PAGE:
What is Philippine Integrative Medicine?


INAM’s concept of Philippine Integrative Medicine (PIM) is that it is an awareness, a consciousness of viewing health as a state of total well-being resulting from the interplay of socio-economic, political and spiritual aspects of life. Basic to this consciousness is the understanding that health is a fundamental human right and responsibility of the individual and, collectively, of the community.

The relationship among those who uphold this consciousness is characterized by partnership, of one among equals, being interdependent and mutually transformative of each other. The practice of PIM is expressed with the values of respect, equality, participation, responsibility, interdependence, solidarity, mutuality and openness.

This PIM consciousness adheres to the integration of different systems of medicine based on empirical and scientific knowledge, rooted in the culture of the people. Such an integrated system addresses the health problems in the community through promotive, preventive, curative and rehabilitative services, which are accessible, affordable, available, effective and acceptable to the people.

PIM, as an evolving consciousness, emphasizes the direct, responsible and sustained participation of people in the development of their alternative health care systems, an indicator of the fulfillment of their aspiration for self-determination.

The Work Ahead

INAM needs to bring into scientific footing and integration the rich heritage of diverse traditional and ethno-medicine and combine these with the most appropriate of conventional medicine and other existing health systems. Such an approach is justified by the fact that Filipino culture is a mixture of East and West.

The work ahead can be realized through INAM’s partnership with non-government/civil society organizations (NGOs) that assist People’s Organizations (POs) and their communities.

INAM’s Tasks with Partners

INAM will facilitate participatory research by the community to help systematize these practices, unfolding PIM management (“best practice”) of their top five (5) disease conditions. The results of PIM research shall be the basis for developing PIM training programs and services of other organized community health programs.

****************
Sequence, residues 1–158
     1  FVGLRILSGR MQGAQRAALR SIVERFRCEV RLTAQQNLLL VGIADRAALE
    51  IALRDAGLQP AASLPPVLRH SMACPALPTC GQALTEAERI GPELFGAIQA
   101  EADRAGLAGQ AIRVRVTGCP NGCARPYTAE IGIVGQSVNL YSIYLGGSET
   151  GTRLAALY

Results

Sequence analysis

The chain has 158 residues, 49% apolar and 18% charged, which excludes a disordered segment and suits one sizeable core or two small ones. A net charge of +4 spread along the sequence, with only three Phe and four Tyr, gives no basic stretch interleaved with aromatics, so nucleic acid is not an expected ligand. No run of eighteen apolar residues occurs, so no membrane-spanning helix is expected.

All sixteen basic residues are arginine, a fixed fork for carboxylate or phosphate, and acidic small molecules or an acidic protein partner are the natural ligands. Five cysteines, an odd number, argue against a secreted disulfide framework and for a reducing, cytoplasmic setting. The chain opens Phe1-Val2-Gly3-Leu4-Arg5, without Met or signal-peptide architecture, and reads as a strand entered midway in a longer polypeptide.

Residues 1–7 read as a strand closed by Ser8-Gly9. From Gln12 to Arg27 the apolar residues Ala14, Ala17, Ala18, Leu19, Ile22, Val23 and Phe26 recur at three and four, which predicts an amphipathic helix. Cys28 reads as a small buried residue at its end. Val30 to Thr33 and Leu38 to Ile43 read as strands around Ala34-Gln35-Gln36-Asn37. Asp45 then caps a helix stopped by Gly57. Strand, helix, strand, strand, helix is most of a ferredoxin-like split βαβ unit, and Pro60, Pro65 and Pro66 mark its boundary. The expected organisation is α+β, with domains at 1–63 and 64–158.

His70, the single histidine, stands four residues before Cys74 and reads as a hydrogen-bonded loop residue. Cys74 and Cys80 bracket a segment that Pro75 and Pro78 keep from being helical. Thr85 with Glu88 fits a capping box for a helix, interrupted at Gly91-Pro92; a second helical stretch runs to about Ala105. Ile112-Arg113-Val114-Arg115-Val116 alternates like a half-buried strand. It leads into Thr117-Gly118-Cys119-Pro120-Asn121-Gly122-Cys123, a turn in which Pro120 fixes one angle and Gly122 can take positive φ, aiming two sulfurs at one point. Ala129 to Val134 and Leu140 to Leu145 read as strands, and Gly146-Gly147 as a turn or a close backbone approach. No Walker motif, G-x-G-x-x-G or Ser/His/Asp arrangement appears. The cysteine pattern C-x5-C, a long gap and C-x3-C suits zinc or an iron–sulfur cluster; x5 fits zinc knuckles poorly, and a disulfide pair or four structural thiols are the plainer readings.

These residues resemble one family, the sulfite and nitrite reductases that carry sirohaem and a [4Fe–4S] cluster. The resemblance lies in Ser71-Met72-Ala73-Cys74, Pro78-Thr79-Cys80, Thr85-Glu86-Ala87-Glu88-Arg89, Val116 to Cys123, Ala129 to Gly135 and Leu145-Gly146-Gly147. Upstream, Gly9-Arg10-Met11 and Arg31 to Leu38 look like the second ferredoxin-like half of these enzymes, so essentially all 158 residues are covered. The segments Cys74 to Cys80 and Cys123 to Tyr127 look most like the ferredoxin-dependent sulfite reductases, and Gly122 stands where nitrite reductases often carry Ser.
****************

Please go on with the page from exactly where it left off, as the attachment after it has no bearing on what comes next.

Monitoring the effects and impacts of PIM management of common conditions using prospective clinical outcome
how PIM can become a part of AHCS
how practice of PIM increases people’s access to essential services
how PIM has empowered people and communities

Networking activities such as workshops on Best Practices in PIM and AHCS will create a venue for people-to-people exchange of experiences in PIM and AHCS and consensus building on the management of disease conditions commonly affecting their respective communities.

Health service providers such as INAM, UDI, CBHPs, other NGOs, can become part of the referral system of the communities for services and training. INAM will develop its full potential of integrating healing practices, such as traditional Chinese medicine (TCM), indigenous healing, and conventional medicine, for disease prevention and health promotion.

PIM Advocacy

INAM views its engagement from a perspective that PIM will be an integral part of a sustainable alternative health care system. INAM also hopes that the insights/lessons learned from the above could be shared among partners towards policy development and broad-based social change.

INAM upholds and promotes the principles of the People’s Charter for Health:

  • The attainment of the highest possible level of health and well-being is a fundamental human right, regardless of a person’s color, ethnic background, religion, gender, age, abilities, sexual orientation or class.
  • The principles of universal, comprehensive Primary Health Care (PHC), envisioned in the 1978 Alma Ata Declaration, should be the basis for formulating policies related to health.
  • Now more than ever an equitable, participatory and inter-sectoral approach to health and health care is needed.